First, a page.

Pre-Texts is an expansion of critical pedagogy using the arts to create democratic discourses and connections between university and the world for social transformation. Pre-Texts is part of Cultural Agents (culturalagents.org) at Harvard University: “arts and humanities in civic engagement.” Pre-Texts is an approach to the humanities and to social change, grounded in student-centered learning. The handmade books from recycled material (Cartonera) in Latin America, and the art activism of Antonus Mockus, former mayor of Bogata, are two example of art in the world.
In Part 2 of our conversation Vialla Hartfield-Mendez and Doris Sommer takes us further on some wonderful creative tangents on generative learning and democratic education. They discuss the (re)use of art as a vehicle for getting “unstuck” in imagining just societies, and the practice of Augusto Boal’s theatre of the oppressed as a way of embodied learning. The pronouncement of the death of the humanities is not only premature, it has served as an impetus for rethinking students and teachers as cultural agents for creative change. The changes to classrooms, through the examples they discuss from k-12 to higher education, are inspiring.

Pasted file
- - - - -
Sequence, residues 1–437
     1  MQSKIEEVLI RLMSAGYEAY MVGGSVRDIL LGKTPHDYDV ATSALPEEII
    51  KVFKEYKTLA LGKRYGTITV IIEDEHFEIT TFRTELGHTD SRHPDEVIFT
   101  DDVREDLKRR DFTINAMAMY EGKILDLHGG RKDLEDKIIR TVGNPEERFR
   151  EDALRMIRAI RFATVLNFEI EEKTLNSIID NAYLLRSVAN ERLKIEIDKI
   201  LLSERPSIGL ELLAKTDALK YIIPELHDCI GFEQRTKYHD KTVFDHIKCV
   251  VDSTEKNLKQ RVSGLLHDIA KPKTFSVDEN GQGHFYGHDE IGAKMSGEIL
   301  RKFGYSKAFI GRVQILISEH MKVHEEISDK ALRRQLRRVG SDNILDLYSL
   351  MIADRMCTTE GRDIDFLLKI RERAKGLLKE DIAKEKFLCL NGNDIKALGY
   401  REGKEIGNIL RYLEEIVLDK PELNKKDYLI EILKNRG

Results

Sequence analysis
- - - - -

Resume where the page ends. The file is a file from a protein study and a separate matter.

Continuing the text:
about the guest/s
Doris Sommer, Ira and Jewell Williams jr. Professor of Romance Languages and Literatures and of African and African American Studies at Harvard University and Vialla Harfield-Mendez, in the Department of Spanish and Portuguese, and Professor of Pedagogy at Emory University, joined me in a conversation on May 24, 2017 at Emory. They talk about Pre-Texts origins and evolution, the train-the-trainer pedagogy sessions, and the re-imagining of the humanities in the world. The tangents they follow provide examples of new ways of defining leadership, learning, and innovative change practices.
The foundational sources by Doris Sommer include her edited book, Cultural Agency in the Americas (Duke University Press, 2006) and The Work of Art in the World: Civic Agency and Public Humanities (Duke, 2014).